If you head into Tommy Hilfiger’s London Regent Street branch or the Selfridges branch you might notice some Samsung Galaxy Gear Headsets on display. This isn’t a case of store swapping it is a very neat and immersive take on fashion branding from the New Jersey based Fashion label.
While we are all excited about the consumer release of Samsung’s Galaxy Gear headsets which are set to hit the shelves next month (the software on loop on the current store-based promo sets doesn’t really do it justice) Tommy Hilfiger has gone and given us a taste not only of what the headsets are capable of but a view into how branding and our interaction with them will change.
The next step in immersive branding
While apps like Blippar are changing our notions of how 2D and 3D can be used from a branding perspective this latest move by Hilfiger is likely a sign of things to come. While it is not quite a case of a gauntlet being laid down it is however an eye opener to other brands how they can utilise the new technology available to us to get closer to their customers.
Hilfiger’s experience takes place in its own stores however there is no reason why this couldn’t happen in our own homes or while we are out by using our own Samsung Gears or the respective hardware of another brand.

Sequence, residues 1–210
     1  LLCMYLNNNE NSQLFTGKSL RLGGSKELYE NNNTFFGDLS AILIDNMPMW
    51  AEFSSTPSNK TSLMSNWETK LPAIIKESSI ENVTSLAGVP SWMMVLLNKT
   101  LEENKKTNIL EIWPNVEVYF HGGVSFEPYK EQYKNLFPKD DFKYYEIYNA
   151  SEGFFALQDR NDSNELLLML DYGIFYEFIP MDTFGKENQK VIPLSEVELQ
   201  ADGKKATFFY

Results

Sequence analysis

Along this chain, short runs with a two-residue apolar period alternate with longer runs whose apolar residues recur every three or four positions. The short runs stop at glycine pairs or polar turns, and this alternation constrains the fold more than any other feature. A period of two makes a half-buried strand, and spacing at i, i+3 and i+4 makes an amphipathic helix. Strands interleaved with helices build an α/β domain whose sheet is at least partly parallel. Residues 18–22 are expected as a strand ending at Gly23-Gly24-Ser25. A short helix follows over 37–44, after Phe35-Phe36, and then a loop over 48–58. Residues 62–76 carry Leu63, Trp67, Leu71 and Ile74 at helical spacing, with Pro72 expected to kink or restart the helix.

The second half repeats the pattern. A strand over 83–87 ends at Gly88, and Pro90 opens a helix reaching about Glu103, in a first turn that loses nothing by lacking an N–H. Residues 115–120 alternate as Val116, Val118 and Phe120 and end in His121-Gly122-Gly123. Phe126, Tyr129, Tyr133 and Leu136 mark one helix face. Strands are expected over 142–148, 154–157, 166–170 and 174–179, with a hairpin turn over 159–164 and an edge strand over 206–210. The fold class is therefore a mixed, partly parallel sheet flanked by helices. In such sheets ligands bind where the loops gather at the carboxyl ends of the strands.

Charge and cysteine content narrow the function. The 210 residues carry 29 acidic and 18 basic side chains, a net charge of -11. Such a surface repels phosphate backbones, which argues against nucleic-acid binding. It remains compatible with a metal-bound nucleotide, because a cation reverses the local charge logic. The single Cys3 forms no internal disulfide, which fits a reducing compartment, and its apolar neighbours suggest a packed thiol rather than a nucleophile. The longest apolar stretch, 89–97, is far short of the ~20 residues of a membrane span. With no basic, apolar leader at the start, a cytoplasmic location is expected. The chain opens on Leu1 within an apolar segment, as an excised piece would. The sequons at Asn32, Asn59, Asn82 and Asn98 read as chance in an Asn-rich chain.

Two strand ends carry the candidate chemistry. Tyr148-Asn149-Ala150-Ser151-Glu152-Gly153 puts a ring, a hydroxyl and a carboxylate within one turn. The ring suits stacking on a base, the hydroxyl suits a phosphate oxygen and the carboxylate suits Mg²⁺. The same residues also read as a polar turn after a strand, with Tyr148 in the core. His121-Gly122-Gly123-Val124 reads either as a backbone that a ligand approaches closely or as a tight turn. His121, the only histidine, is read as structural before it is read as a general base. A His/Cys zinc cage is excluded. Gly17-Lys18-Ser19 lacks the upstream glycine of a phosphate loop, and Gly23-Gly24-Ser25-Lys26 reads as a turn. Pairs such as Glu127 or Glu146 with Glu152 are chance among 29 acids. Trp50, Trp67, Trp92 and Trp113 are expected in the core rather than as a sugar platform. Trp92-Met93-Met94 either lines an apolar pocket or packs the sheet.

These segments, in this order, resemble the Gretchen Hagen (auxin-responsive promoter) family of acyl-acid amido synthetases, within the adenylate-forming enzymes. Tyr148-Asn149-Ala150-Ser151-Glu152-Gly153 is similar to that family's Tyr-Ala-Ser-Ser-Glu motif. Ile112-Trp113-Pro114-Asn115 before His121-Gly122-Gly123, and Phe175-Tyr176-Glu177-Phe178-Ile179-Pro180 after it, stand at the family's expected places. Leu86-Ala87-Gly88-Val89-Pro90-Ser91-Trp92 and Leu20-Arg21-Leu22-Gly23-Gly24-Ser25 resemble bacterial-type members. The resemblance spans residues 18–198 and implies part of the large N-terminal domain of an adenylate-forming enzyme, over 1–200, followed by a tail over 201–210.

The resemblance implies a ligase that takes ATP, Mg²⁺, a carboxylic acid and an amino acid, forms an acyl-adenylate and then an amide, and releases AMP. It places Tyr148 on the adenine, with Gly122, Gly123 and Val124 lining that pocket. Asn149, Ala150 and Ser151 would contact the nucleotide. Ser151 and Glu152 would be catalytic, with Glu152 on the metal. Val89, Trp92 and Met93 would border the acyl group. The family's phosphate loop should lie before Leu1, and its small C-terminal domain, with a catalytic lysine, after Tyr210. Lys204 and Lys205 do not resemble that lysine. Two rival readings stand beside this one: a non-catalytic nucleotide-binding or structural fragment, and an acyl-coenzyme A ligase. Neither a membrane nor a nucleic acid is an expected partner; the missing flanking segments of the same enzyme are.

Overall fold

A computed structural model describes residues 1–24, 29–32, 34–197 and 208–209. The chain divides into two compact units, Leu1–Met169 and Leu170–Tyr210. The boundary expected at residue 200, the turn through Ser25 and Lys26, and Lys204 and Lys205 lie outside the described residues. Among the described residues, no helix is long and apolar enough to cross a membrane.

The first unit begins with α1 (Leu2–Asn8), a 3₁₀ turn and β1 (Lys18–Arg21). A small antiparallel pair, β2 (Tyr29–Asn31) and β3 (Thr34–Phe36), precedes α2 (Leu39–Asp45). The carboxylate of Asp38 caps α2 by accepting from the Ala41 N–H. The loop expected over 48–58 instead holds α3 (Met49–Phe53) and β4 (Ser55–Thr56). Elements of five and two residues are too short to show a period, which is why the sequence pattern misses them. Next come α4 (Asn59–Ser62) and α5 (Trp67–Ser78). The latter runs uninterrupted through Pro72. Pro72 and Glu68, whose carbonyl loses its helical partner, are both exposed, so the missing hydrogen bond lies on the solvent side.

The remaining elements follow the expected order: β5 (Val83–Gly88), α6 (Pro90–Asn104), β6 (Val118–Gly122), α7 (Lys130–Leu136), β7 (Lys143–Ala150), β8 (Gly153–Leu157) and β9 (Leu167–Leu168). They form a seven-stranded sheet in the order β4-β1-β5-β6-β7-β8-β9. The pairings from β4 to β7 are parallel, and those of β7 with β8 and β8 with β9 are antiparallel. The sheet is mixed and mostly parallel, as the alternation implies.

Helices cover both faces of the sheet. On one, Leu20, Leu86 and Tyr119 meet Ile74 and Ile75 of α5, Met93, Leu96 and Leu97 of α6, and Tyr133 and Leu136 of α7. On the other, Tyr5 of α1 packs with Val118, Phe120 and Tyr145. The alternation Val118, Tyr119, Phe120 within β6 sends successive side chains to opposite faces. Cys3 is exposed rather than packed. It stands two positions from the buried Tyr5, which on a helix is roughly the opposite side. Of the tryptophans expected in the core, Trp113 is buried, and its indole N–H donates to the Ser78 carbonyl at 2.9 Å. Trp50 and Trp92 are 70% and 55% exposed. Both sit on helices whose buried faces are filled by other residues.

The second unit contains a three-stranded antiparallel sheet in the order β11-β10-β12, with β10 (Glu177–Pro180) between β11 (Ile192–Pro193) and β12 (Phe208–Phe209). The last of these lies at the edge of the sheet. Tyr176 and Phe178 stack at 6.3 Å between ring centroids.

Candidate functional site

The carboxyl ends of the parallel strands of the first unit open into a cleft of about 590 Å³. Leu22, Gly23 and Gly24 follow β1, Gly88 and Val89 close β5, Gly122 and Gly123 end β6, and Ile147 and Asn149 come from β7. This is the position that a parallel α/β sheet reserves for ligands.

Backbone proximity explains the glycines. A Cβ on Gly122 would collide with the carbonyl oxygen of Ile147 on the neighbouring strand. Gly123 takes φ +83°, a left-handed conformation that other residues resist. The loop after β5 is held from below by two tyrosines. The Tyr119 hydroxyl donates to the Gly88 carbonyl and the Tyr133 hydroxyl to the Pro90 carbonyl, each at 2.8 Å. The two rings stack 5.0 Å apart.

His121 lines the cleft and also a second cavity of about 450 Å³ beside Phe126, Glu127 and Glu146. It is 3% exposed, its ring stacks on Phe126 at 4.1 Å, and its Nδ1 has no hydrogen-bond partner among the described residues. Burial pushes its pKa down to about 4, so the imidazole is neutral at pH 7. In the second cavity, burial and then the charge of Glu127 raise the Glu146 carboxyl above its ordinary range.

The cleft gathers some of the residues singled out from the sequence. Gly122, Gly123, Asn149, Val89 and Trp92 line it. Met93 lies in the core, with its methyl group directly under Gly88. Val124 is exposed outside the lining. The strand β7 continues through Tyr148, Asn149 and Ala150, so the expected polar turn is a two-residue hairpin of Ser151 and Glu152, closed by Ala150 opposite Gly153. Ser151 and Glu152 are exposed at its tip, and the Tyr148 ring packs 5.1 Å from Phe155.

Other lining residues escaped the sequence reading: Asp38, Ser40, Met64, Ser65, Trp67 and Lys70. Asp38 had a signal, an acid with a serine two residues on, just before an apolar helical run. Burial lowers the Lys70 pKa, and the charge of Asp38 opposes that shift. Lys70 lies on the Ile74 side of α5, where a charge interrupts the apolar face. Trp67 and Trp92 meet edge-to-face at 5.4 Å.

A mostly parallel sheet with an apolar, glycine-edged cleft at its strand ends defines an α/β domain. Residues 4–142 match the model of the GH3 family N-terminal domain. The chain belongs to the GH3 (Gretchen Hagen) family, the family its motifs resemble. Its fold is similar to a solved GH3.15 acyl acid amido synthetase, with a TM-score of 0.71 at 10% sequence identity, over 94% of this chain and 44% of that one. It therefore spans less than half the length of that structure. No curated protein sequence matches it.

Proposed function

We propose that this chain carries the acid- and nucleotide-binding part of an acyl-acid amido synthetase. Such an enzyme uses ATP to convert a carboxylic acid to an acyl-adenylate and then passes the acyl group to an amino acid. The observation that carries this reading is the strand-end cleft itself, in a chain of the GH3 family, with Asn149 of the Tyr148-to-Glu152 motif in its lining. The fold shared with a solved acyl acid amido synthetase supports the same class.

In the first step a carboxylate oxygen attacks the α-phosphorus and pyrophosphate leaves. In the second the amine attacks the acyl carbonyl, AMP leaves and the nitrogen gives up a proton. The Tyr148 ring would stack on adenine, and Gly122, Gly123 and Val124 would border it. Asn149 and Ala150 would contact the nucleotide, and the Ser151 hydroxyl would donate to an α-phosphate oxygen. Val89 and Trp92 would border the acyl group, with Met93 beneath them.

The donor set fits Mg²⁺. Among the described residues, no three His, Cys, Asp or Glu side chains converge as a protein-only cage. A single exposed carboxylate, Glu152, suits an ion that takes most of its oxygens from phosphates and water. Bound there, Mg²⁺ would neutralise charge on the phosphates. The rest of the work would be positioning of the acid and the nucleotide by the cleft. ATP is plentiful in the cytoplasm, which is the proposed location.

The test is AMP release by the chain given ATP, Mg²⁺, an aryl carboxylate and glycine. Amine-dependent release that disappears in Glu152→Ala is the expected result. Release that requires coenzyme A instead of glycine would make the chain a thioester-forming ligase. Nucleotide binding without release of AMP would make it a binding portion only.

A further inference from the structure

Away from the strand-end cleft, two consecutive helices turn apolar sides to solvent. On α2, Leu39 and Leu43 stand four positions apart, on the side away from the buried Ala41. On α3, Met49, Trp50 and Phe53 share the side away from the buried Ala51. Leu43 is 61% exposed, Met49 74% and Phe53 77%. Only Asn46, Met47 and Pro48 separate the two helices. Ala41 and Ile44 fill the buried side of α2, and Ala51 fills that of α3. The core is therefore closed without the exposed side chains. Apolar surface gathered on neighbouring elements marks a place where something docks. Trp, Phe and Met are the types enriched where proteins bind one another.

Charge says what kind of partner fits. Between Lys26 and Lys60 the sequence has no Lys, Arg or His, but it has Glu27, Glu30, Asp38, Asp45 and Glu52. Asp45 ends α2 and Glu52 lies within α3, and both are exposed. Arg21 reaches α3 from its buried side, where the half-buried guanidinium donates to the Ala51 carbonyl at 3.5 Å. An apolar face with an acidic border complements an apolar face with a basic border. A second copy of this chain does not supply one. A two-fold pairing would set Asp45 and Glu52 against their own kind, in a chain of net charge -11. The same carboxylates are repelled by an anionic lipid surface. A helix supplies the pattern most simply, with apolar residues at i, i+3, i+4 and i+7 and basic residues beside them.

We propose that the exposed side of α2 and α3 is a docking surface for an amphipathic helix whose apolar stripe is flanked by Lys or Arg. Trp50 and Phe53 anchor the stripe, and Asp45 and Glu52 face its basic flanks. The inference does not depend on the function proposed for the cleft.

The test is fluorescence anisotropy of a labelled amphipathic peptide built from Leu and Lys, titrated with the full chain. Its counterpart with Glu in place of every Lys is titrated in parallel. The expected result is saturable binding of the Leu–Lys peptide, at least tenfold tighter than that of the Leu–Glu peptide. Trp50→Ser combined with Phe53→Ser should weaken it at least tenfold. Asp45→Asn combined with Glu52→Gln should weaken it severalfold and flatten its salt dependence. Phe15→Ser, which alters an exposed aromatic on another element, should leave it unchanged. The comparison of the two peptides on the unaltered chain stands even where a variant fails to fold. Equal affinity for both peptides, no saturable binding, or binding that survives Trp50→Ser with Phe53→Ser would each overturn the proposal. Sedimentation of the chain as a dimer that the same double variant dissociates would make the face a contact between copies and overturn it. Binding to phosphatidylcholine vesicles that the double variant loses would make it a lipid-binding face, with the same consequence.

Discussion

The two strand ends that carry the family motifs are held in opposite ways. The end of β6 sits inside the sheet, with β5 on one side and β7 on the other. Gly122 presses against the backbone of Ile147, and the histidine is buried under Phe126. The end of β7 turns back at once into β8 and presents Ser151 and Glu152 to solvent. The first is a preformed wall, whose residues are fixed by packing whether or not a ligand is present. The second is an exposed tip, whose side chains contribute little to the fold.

While the cynics out there my simply cry that this is just another ad revenue stream (and they would have a point) it is at the cusp of technology where challenges to the previous status quo can be made. In the same way that the internet community rebelled against popup ads there is a real case for breaking tradition and having immersive brand experiences rather than ads which would be a much more credible, or incredible way for brands to connect with their audience.
Hilfiger is just the start too, recording a show in 3D and playing it in 3D is a fairly straightforward way to have an experience with your customers but there are further steps too and, quite frankly the possibilities are endless.
As app developers we are excited by these current trends and the willingness of brands to embrace new technology for the benefit of customers and the relationship with them.
Is 5 million users enough?
Obviously the ability of brands to engage with their customer base through VR will depend on just how many customers they have to engage with. Analysts are estimating sales of Samsung’s VR units being anything between 5 million and 20 million units which are widely different and Samsung’s success, and that of rivals like Oculus and HTC’s Vive as well as others will see just how well the tech can be incorporated outside of specific gaming communities.
The initial signs though are promising and we are looking forward to seeing how the future of VR as well as Augmented Reality (AR) unfolds.